High altitude vineyards have always had a unique place in the history of viticulture, and with virtually all the usable bottom land in the Napa Valley planted to vines, the search has headed to the hills, according to Wine Business.
One of the last frontiers to see this explosion in growth is Atlas Peak. It is situated on the western slopes of the Vaca Range and just over the hill from the Stags Leap AVA.The 11,000-acre Atlas Peak region boasts elevations of 1,100 to 2,400
Just north of the city of Napa, its unique mountain climate is also influenced by its proximity to San Pablo Bay. This gives it cooler temperatures and a longer growing season, longer hang time, and less vine vigor — ideal conditions for premium winegrape growing.
What started with a single development in the early 1980s by Bill Hill has blossomed into a dozen wineries, all seeking to compete in the high-end market, and some already receiving ratings in the 90s for their bottlings. The region has attracted such notables as Caymus, Michael Mondavi, Pahlmeyer and Italy’s legendary Piero Antinori.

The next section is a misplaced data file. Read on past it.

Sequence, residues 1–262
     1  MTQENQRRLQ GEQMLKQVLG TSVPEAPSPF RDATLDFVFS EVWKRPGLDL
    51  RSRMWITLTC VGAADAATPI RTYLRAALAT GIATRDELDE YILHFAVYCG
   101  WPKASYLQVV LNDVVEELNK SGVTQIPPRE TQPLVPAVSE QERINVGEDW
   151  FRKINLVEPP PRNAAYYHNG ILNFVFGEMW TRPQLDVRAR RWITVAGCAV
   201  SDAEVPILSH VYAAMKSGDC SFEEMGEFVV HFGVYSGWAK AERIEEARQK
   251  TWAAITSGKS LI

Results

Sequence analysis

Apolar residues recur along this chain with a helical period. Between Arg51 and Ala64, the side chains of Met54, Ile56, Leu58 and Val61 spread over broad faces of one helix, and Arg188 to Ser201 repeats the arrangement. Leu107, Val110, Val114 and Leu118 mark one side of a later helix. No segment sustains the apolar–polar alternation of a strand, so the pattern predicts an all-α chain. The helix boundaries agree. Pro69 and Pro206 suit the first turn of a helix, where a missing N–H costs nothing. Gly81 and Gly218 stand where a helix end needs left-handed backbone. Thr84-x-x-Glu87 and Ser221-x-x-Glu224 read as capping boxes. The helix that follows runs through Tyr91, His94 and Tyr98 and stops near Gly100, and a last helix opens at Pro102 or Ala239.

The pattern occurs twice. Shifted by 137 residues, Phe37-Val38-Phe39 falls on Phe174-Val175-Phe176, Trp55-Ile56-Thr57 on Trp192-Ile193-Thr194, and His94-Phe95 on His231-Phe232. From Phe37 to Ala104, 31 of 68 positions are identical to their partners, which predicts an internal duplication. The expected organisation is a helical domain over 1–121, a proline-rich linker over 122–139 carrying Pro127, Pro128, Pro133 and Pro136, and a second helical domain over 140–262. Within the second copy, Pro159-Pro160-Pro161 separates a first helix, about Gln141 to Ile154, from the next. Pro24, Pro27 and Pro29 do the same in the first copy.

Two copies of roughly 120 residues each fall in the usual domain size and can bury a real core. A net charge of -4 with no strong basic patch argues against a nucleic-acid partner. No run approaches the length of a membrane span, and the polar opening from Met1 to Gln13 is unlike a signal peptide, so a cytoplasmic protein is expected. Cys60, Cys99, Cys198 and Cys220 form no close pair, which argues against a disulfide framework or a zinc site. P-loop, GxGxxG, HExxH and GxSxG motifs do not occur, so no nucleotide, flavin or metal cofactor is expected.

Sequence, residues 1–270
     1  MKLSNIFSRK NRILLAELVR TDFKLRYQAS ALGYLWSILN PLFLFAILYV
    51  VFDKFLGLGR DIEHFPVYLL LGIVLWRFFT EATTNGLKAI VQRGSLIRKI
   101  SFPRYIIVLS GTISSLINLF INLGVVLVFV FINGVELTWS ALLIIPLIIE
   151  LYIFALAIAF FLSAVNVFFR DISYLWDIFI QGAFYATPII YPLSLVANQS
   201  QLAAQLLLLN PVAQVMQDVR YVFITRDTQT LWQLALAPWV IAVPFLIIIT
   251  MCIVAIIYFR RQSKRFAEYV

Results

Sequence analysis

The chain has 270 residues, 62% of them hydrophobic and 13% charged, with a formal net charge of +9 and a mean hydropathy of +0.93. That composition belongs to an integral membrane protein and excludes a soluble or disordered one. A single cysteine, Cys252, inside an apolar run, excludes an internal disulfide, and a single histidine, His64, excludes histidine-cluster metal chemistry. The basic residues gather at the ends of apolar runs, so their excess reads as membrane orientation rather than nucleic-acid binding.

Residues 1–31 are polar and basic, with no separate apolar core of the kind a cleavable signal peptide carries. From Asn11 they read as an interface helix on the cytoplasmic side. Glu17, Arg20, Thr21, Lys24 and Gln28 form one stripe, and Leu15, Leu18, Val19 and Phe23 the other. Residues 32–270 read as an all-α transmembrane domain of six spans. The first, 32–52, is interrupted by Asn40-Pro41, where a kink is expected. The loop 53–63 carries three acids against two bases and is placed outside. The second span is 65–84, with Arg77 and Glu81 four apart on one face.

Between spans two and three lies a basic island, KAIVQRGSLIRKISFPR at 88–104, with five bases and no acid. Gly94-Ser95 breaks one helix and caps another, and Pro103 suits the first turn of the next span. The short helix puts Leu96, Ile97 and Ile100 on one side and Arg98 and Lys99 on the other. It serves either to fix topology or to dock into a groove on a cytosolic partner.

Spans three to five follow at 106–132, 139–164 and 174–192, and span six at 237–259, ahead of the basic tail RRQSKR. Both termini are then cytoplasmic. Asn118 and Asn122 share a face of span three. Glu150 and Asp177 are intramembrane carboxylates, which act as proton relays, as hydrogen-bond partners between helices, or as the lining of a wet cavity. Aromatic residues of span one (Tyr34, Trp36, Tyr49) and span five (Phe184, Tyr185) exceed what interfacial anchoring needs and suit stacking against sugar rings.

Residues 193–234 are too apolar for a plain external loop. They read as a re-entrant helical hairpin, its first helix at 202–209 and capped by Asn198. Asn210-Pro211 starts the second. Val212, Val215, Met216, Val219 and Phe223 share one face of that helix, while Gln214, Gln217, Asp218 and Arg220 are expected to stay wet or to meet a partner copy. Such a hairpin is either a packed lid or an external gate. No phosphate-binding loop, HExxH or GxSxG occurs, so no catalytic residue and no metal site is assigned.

According to spokeperson Kim Flowers, the AVA now has 29 members,
including 10 wineries and a half-dozen growers.
Vineyard sizes run from a minuscule one-and-a-half-acre site to Atlas Peak Winery’s 496 acres. The region encompasses 1,500 acres, with a potential to grow to 3,000 according to Hill, the grower, winemaker and developer instrumental in returning the region to prominence as a prime winegrape region.